Sunday, March 29, 2015

Liar, liar, pants on fire. Hanging on a telephone wire.

That I shall leave this world unsung is, truth to tell, a blessing in disguise. Haven’t you noticed how Indian obit writers unabashedly indulge themselves in flights of fancy and plumb the depth of obsequity – apart from vandalizing the English language mercilessly − when it comes to doing their job without fear or favour? (In their midst, not even a single Saadat Hasan Manto, eh?) Their unspoken excuse is that hypocrisy as a tenet of (politically?) correct behaviour is allegedly a part and parcel of Indian “culture”. It stipulates that no evil shall be spoken of the dearly departed never mind even if the truth has to be bent backwards or stood on its head as the situation requires. Little white lies are to be preferred to the beam of white light the poor man or woman may be facing in the hereafter.

Before you point your accusatory finger at me for blithely following their exemplary example in titling this post, let me confess to a weakness for children’s ditties (simple words, uncomplicated rhyming, easy-to-memorize) over the more obfuscatingly worded verses of the idiosyncratic 19th-century poet. Mind you, this worthy was shunned by his envious and contemptuous contemporaries but posthumously hailed by latter-day critics as no less than a mystical visionary of the Romantic Age. I am thinking of the late and latterly lamented William Blake (1757-1827), Esquire, to wit. 

To put the records straight, this impudent versifier must have somehow got privy to the likelihood of his impending canonization in the annals of literature in the not too faraway future. To make sure it would come about, he cunningly decided to take recourse to an imagined version of Peter Roget’s “classed catalogue of words … of much use in literary composition” and launched his much celebrated poem, “The Liar” (1810), with a double-barreled fusillade of synonyms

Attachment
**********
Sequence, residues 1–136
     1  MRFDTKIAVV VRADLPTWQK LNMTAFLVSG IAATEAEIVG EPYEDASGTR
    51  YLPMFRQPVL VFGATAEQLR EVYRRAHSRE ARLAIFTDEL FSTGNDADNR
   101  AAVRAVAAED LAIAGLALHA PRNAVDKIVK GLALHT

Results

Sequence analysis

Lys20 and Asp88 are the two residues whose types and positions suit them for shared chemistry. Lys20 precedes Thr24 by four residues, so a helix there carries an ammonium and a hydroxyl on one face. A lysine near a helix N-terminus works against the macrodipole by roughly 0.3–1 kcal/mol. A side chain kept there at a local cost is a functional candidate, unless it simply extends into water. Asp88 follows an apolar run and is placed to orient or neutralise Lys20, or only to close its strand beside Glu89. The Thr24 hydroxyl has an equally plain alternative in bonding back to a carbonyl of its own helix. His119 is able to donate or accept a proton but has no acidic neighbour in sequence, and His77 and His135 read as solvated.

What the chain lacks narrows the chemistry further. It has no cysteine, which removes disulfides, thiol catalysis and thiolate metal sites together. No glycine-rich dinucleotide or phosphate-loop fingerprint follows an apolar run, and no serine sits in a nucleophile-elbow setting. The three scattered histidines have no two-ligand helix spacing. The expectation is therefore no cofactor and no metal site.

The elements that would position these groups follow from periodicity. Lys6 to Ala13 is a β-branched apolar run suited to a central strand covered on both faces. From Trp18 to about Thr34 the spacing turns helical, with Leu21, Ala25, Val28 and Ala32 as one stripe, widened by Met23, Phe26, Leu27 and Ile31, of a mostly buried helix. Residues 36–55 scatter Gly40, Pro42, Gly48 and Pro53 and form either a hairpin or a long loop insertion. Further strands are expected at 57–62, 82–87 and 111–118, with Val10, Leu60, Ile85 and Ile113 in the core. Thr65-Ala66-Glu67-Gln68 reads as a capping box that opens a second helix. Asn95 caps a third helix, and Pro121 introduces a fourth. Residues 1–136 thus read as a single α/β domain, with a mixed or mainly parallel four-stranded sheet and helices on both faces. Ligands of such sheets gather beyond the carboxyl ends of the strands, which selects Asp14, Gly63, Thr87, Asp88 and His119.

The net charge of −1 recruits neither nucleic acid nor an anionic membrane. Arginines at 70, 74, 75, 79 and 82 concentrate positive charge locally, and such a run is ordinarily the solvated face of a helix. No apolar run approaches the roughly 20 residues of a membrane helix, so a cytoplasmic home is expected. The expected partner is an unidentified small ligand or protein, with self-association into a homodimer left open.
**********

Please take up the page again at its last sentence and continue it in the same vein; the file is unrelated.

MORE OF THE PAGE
“Deceiver, dissembler 

Your trousers are alight 

From what pole or gallows 

Shall they dangle in the night?”

Ah, the infinite riches of the English language! A word for every shade of meaning yielding a surfeit of synonyms in most cases. But what we think is its strength could well be harbouring the seeds of its weakness, making it an easy tool of deceit when wielded by deceivers, dissemblers, fibbers, fabulists, perjurers, fabricators, story tellers, tale weavers, poets, dissimulators, falsifiers, con artists, deluders, imposters, false witnesses, fablers, misleaders, equivocators, tricksters, conjurors, quacks, pretenders, swindlers, statisticians and assorted liars of every ilk.

The celebrated American humourist and author, Mark Twain (1835-1910), is credited with this oft-quoted witticism: "There are three kinds of lies: lies, damned lies and statistics."  He, however, modestly declined authorship and pointed the finger at Disraeli (1804-1881). That itself turned out to be a posture. An essay on The University of York website on a Department of Mathematics page dealing with the various occurrences of “lies, damned …” avers, though not confidently, that its most likely source was Sir Charles Wentworth Dilke (1843-1911), a Liberal MP of the Victorian era, Under-Secretary of State for Foreign Affairs in Gladstone's second government and a Privy Council member whose extra-marital affairs ruined his political career. The Dilke wordings differ slightly, though: “fibs, lies, and statistics” in press reportage and “a fib, a lie, and statistics” in a verbal citing. Can you tell the truth from the lie?